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Joseph Saker

Obituary
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Joseph Saker

AGE: 83 • Freehold

Joseph Saker, 83, of Freehold, industry leader, founder and chairman of Foodarama Supermarkets (now Saker ShopRites), and a founding Wakefern member who realized early the importance of education in the supermarket business, died Sunday in Meridian Nursing Home, Shrewsbury. Mr. Saker grew up in Freehold and in the grocery business his grandfather first started in the town nearly a century ago. Wohbe Saker, an immigrant from Lebanon, peddled food from a pushcart in Lower Manhattan before purchasing a small farm just outside Freehold. He opened the family's first grocery in 1916, in a 17-by-40-foot general store located right in town. Wohbe's son John, together with his wife Mary, Mr. Saker's parents, grew the store into a thriving business. But it was the grandson, Mr. Saker, who would eventually grow the business into a multi-store company through his membership in Wakefern. He had the foresight to join Wakefern in 1950, during the first few years of the fledgling cooperative. He began operating under the ShopRite banner, incorporating Foodarama Supermarkets in 1958, and taking the company public in 1965.

"He knew he had to reduce costs to be able to compete with the larger chains and Wakefern the cooperative was a solution to taking costs out of the system and eliminating the middle man," recalled his son, Richard Saker, CEO for Saker ShopRites. An entrepreneur and pioneer, Mr. Saker recognized the importance of balancing business and good government. He understood that grocers needed a voice to represent the food industry before government leaders and this vision led to the creation of the New Jersey Food Council, where he served as founding chairman. He also helped start the Academy of Food Marketing and Food Marketing Educational Foundation at St. Joseph's University in Philadelphia, one of the few business programs dedicated to the supermarket industry. Mr. Saker had served as a past chairman and member of the Board of Governors of the organization. "He was a guy who could clearly see the big picture. He knew you needed highly educated people in the food industry and that was a very unselfish position for him to take. Not all those people were going to work for him, some were going to work for competitors, but he still saw it as benefitting the industry as a whole," said Richard Saker. And Joseph Saker dedicated himself over the years to his work and Wakefern.

During the early days of the cooperative, when the ShopRite concept was taking off, members helped each other and often attended one another's store openings.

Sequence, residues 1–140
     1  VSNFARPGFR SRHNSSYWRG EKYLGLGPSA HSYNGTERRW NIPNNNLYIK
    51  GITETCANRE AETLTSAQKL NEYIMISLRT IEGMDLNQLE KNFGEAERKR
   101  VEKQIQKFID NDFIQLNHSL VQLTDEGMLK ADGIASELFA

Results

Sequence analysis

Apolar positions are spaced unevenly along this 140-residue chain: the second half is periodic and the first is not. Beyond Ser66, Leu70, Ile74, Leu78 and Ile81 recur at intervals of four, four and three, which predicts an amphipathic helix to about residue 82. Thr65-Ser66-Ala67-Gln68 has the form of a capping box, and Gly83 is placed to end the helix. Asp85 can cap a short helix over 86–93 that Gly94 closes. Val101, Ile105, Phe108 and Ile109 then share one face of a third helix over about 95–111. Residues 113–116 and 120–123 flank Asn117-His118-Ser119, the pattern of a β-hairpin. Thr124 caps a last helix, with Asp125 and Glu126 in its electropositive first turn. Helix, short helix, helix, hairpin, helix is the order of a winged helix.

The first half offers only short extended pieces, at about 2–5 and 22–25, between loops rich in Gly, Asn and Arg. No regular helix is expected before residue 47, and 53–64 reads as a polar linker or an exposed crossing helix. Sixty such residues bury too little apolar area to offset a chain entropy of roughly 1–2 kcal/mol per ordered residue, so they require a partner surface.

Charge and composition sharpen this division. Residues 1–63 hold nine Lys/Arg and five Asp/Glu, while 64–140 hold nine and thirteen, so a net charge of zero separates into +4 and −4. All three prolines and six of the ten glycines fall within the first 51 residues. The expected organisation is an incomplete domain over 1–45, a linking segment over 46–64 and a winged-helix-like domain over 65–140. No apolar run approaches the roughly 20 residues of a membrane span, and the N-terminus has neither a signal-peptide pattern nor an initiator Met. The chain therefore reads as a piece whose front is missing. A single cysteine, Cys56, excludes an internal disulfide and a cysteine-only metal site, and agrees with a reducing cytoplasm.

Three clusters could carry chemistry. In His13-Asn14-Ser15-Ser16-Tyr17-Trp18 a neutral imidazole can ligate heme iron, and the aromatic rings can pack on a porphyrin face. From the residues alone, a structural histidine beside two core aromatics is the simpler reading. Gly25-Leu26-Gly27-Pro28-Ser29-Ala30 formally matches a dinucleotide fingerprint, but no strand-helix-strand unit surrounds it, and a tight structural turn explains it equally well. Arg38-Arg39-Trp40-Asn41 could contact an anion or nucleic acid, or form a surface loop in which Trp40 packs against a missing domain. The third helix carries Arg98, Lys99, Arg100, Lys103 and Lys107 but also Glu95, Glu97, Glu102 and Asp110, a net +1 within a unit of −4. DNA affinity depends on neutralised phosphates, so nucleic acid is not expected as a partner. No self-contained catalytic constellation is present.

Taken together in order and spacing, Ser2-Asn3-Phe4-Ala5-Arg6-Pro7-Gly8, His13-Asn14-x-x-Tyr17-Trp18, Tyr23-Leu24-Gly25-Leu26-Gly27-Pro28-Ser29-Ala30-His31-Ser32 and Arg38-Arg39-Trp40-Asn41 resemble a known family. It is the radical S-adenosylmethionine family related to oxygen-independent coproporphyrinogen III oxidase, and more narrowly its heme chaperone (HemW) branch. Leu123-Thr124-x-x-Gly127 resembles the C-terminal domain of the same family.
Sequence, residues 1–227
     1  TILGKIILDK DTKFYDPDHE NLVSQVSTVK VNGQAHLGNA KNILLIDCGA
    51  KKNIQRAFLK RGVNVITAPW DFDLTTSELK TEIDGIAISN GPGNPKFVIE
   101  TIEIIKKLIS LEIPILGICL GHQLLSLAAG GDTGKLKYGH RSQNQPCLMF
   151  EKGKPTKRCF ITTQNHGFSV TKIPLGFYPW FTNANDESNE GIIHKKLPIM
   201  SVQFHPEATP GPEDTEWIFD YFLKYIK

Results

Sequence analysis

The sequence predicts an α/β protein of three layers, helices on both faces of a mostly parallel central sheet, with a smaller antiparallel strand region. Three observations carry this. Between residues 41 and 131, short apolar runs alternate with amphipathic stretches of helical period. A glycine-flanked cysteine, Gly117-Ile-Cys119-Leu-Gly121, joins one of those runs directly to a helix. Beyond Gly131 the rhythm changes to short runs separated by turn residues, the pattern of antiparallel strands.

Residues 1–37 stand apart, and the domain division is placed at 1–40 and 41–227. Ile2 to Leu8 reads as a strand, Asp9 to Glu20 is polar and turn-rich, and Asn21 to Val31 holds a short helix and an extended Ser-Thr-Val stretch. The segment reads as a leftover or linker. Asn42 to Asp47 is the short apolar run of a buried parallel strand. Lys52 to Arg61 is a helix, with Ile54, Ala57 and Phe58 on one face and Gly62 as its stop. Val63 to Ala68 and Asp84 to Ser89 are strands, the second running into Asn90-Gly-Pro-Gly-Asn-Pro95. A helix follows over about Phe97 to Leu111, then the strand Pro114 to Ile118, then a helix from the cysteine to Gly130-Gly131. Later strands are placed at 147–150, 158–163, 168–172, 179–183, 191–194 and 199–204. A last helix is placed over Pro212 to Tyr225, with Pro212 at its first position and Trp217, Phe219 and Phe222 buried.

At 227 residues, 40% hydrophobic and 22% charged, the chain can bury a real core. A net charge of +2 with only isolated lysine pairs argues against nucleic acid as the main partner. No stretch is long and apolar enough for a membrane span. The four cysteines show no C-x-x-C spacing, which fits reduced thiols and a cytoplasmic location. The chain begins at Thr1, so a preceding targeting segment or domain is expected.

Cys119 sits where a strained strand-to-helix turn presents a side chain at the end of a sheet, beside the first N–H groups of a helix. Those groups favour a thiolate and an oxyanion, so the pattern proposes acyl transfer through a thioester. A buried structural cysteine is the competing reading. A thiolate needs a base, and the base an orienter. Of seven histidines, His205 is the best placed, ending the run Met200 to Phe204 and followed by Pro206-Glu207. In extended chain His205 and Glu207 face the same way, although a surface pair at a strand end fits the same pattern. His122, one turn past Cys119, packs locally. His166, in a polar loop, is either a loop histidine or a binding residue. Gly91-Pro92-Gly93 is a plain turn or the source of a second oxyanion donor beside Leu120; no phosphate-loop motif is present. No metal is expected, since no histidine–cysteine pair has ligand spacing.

In Wakefern's history book, A Symphony of Soloists: The Story of Wakefern and ShopRite, Mr. Saker recalled one store opening in 1954 as "swarming with customers" and nearly overwhelming the staff. "I yelled out…'Get me a register,' and soon I was punching the keys. I spent most of the day there," Joseph Saker said of the day.

Richard Saker said his dad was often happiest behind the counter or working in the aisles.

"Someone asked him one day what his hobbies were," recalled Richard Saker. "He said, 'work and I love every minute of it.' That's just the way dad was and that describes him and his generation, the early founders of Wakefern. Their lives were dedicated to their business, and they loved what they did." Mr. Saker retired in 2005. A year later, Richard Saker took the company private and renamed it Saker ShopRites.

A graduate of Freehold High School, Joseph Saker received an honorary degree in commercial science from St. Joseph's University. He was a member of the Board of Directors, Officers and Finance Committee of Wakefern. He was a past chairman and former member of the Board of Directors of the New York State Food Merchants Association.

He also served as a past president and charter member of the CentraState Medical Center Board of Trustees, Century Club member of the Monmouth County Boy Scouts, Century Club member of Christian Brothers Academy, and past Grand Knight and member of Knights of Columbus. Mr. Saker loved music and dancing and taught himself the piano. He would dance and sing duets with his wife, Gloria, whenever he had the opportunity at family or social events. His life, his work, and his success recall the words to his favorite song, "The Impossible Dream."

Mr. Saker is survived by his wife, Gloria (nee Tatarinchik); his children and their spouses, Richard and Laura, Nadine and Andrew Mockler, Denise Saker, Lisa Saker, Joseph and Sheri, and Thomas and Kristen; 14 grandchildren; and a great-grandchild.

Relatives and friends are invited to visit from 3 to 8 p.m. Thursday, Sept. 27 at St. Rose of Lima Chapel, Freehold. Funeral services will be private. Family and close friends are invited to attend the Mass of Christian Burial at 11 a.m. Friday, Sept. 28 at St. Rose of Lima Chapel. Arrangements are under the direction of the Freeman Funeral Home, 47 East Main St., Freehold. In lieu of flowers, the family would appreciate memorial donations to the CentraState Healthcare Foundation or the Meridian Health Foundation. Please visit Joe's memorial website at www.freemanfuneralhomes.com where you may access directions, make a donation and leave condolences.

Published in Asbury Park Press on Sept. 26, 2012
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